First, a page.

What do you feel ultimately prepared you for your position?
I really think the lab time within the Occupational Therapy program is so beneficial. The lectures are also important, but working in the labs is where students can put it all together and actually apply the knowledge gained. Additionally, the benefit of having fieldwork built into the curriculum is immeasurable. Not only do students get a wealth of hands-on experience, they are exposed to a variety of cases, clinicians, and complimentary therapies.
Do you have any advice for graduates who are just beginning their job search?
Beginning the job search can seem a bit overwhelming. My advice would be to take the first job you find interesting even if it’s not in the specialty you may want because there will always be other opportunities down the line. I had peers who were absolutely sure about their area of specialty, such as pediatrics, but took a position in physical rehab or mental health instead and now wouldn’t dream of being anywhere else. Proficiency in any specialty will always be helpful because the same set of basic skills is needed to be competent and to build client trust. Supervision and mentorship is key since it’s where students learn the most. Networking with other therapists is important. Attend RIOTA meetings, and never be afraid to link back up with your NEIT peers and instructors. Students can never have too many personal and professional resources.
What can current students do to better prepare themselves for jobs in this field?
Finding balance is important for health and success. A therapist should possess patience and determination. While completing coursework, don’t be afraid to ask for further explanation or examples from faculty, and be sure to chat with peers to discuss each other’s viewpoints. As a new therapist, there are many different perspectives on a variety of issues, and many times there is no right or wrong answer. Clinical reasoning is where everything stems, and building this skill is imperative to leading a successful career. Seeing the look on the faces of my clients when they can successfully participate in an activity that is meaningful to them is priceless.
For more information on New England Tech’s over 40 associate, bachelor’s, master’s and online degree programs, including Master of Science Degree program in Occupational Therapy (MSOT) as well as Associate in Science Degree program in Occupational Therapy Assistant (OTA) Technology, call 800-736-7744, 401-467-7744, or email NEITAdmissions@neit.edu.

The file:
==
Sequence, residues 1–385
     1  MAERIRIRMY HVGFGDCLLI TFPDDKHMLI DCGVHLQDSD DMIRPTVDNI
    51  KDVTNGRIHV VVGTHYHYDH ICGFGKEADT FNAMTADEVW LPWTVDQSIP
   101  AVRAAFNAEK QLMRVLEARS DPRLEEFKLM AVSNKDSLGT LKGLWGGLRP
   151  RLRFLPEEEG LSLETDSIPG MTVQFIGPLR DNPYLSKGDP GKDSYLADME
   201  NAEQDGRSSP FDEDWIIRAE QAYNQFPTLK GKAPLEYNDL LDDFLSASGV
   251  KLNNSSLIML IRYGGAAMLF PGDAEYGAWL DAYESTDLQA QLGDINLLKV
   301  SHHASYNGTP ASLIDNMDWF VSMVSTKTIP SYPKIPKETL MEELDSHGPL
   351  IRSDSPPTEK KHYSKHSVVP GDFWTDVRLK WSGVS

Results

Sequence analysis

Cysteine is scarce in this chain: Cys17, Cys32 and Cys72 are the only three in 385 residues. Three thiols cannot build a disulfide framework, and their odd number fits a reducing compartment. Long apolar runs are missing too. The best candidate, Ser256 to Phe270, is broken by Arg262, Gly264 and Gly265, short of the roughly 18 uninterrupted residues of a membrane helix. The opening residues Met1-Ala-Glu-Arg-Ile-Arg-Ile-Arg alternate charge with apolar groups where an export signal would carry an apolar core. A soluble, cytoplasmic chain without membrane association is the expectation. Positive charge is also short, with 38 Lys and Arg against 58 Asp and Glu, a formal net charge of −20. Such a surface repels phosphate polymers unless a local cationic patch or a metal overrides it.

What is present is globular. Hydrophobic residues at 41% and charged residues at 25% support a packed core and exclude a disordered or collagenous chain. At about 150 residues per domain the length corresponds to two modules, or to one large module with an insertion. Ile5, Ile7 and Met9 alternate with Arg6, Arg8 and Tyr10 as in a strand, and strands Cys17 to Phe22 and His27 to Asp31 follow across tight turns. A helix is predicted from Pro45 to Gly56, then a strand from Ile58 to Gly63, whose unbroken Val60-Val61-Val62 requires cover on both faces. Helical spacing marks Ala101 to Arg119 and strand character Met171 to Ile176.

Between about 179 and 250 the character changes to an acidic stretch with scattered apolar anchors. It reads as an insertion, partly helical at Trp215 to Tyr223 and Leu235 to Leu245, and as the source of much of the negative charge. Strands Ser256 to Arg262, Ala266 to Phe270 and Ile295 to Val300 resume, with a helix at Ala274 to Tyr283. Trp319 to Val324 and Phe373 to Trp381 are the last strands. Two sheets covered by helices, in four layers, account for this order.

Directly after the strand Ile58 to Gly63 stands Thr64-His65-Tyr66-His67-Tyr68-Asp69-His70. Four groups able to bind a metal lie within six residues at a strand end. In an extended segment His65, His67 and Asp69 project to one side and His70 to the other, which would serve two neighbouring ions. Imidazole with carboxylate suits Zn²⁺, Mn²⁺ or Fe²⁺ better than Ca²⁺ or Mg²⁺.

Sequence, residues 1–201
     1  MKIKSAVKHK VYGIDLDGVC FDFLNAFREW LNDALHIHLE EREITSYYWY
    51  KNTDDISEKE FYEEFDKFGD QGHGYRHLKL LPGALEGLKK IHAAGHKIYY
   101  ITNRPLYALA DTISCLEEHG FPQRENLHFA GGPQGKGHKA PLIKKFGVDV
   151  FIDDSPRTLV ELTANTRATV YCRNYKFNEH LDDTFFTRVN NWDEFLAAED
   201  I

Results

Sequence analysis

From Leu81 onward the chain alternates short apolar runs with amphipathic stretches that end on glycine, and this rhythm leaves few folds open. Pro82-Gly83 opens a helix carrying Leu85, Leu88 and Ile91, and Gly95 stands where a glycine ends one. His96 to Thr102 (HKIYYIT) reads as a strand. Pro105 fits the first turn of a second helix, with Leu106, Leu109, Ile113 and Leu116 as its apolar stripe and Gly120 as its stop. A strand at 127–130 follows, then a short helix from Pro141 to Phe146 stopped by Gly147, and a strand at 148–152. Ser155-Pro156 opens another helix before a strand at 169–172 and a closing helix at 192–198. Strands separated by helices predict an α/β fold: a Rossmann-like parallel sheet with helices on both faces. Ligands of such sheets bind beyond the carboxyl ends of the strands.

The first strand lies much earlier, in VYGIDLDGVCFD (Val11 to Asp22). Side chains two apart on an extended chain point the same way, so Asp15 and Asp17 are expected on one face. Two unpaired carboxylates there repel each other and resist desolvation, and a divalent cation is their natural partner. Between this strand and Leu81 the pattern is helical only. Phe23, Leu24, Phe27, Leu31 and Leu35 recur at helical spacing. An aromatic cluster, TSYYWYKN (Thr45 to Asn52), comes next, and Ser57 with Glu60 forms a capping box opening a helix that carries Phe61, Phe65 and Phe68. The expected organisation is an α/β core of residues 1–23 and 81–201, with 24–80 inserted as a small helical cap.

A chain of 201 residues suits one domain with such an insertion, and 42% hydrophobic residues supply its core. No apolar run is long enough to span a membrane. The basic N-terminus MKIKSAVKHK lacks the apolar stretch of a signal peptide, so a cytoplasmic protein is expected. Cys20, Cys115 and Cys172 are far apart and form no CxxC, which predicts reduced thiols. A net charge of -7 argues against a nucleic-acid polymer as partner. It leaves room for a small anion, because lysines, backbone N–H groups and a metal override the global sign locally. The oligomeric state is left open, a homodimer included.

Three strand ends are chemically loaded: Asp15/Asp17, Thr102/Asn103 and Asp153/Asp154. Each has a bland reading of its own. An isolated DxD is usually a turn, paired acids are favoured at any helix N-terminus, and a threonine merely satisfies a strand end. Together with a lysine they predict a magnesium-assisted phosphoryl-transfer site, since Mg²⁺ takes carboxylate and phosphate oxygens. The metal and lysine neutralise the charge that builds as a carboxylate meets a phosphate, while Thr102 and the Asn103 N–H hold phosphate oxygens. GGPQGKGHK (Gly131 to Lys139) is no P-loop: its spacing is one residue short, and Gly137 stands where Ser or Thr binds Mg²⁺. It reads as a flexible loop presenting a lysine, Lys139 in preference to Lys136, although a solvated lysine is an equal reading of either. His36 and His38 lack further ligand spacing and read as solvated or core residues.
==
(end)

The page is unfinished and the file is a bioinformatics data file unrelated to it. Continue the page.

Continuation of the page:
Associate Professor Randall Fedoruk and Assistant Professor Joanne Jones of the Occupational Therapy Department recently earned their Doctorates of Occupational Therapy. They attended the Rocky Mountain University of Health Professions, located in Provo, Utah. Dr. Fedoruk specialized in pediatrics, while Dr. Jones pursued the general track. Both are committed to promote evidence-based and occupation based practice within the OTA and MSOT programs at NEIT. Congratulations to Dr. Fedoruk and Dr. Jones for this outstanding accomplishment.
We already know that dog is mans best friend but who knew they could be so in tune to a persons well-being like Taxi is to Rachel?
Service dogs are widely accepted for a variety of disabilities, including visually impaired, hearing impaired or physically impaired. Including dogs trained to recognize the onset of symptoms for diabetic and seizures.
This year, one of the photos in the yearbook at Hector Garcia Middle School is not like the other.
Pictured alongside the portraits of smiling students is one particularly friendly face — Taxi Benke, a service dog who looks out for 14-year-old Rachel Benke.
Rachel and Taxi have been inseparable for the last four years, ever since they were connected by Cindy Buechner, who trains seizure alert dogs. When Taxi first came into Buechner’s life, she immediately thought of Rachel’s mom Teresa who she’d met at a jewelry party, and knew the dog would be immensely helpful for the family.”They found us,” Teresa told TODAY.com.
“We hadn’t been looking into service dogs…we thought she might need one when she was older, but it was just a God thing that he found us.”